PASSING THE BUCK ON DARFUR. During this morning's press conference, the president had this to say about the United Nations and Darfur:
The problem is, is that the United Nations hasn't acted. And so, I can understand why those who are concerned about Darfur are frustrated. I am.
I'd like to see more robust United Nations action. What you'll hear is, "Well, the government of Sudan must invite the United Nations in for us to act." Well, there are other alternatives, like passing a resolution saying, "We're coming in with a U.N. force in order to save lives." �So you asked of levels of frustration. There's a particular level of frustration.
A PIECE THAT NEEDED TO BE WRITTEN.Many, including this blog, have criticized Rich Lowry and Bill Kristol for their recent proposal to continue and expand the American military presence in Iraq. Someraised the question of whether there are actually troops available to fulfill that mission.
BOSTON BLOGGING. I'm spending the fall in Boston as a fellow at the Joan Shorenstein Center on the Press, Politics, and Public Policy, but will still be popping over to Tapped to blog every so often. I have to say, after nine years in a Washington whose days of Democratic rule are but a distant memory (even during the late Clinton years, the town's central narratives were set by Republican attack, rather than Democratic initiatives), the most striking thing about being again in Cambridge (other than the 20 degree drop in temperature) is no longer feeling myself to be outside the political mainstream of the local community.
TIMING IS EVERYTHING. Just as his former deputy confessed to being Robert Novak's source in the outing of Valerie Plame, Sir Colin the (Self-) Righteous came riding into the Senate on a white-paper horse (PDF), stating his moral indignation and opposition to the Bush administration's attempt to legislate the terms of its torture of so-called "enemy combatants."
JUST POSTED ON TAP ONLINE: W AND THE TB-GB'S.James Crabtreetells the tale of the "curry house coup" that has brought down Tony Blair, laying out how the "Bush's poodle" factor influenced events and why Lebanon may have been the tipping point.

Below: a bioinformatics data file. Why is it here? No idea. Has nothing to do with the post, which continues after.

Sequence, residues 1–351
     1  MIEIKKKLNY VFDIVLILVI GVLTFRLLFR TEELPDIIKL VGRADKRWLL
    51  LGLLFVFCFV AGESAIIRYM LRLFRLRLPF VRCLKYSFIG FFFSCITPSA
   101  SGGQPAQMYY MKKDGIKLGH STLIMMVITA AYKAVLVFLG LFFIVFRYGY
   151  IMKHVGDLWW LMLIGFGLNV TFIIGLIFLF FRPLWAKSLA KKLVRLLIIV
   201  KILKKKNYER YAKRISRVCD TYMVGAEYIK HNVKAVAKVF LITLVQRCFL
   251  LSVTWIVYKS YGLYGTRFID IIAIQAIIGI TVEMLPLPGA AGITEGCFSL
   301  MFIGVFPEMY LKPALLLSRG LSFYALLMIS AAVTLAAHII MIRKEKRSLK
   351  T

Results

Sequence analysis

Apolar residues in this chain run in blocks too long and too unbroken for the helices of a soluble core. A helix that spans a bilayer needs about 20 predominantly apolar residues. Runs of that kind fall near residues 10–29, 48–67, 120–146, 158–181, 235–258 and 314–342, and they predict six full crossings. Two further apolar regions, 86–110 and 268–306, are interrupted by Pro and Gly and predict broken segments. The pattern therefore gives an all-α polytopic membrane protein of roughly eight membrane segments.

TURNING UP THE HEAT. To follow up on Ezra�s points, let me add that President George W. Bush came out with both barrels blazin', demanding that Congress pass his two bills -- one sanctioning the sort of tribunals the administration wants to use for adjudicating the cases of the "enemy combatants." One can't help but wonder why he's pushing so hard and so indignantly against the likes of Senate Armed Services Committee Chairman John Warner (R-Va.), and Senators John McCain and Lindsey Graham.
BUSH'S PRESS CONFERENCE. This is by far the pissiest press conference Bush has given. He's furious. I assume his feet are manacled behind the microphone. Otherwise, he'd be stalking across the stage, tearing apart the podium, and occasionally leaping into the crowd to rip out David Gregory's heart. The content is no finer than the normal Bush fare -- he's currently blaming the U.N. for not stopping the genocide in Darfur -- but the attitude is entirely different.
IN WHICH I MAKE VARIOUS POINTS ABOUT HEALTH CARE. NO, REALLY. I've a feeling lots of folks� eyes glaze over when I start posts with "there's a new study out of...," but hang on a second, this one's a good one. The Commonwealth Fund reports that a full nine out of every 10 Americans who seek private insurance never buy. Of those who do apply for a plan, 20 percent are turned down or charged much more for a preexisting condition. And of those who settle for a cheaper, high-deductible plan, 40 percent eventually realize that some of their medical costs aren't covered by insurance.
KRAUTHAMMER ADDENDUM. I think Ezra's comments on Krauthammer's column are apt, but surely his most dubious claims come right after the passage Ezra cites. It's straightforward, after all, that Iran's strategic position in the region would at least be strengthened by becoming a nuclear power, notwithstanding Krauthammer's stronger claims about that.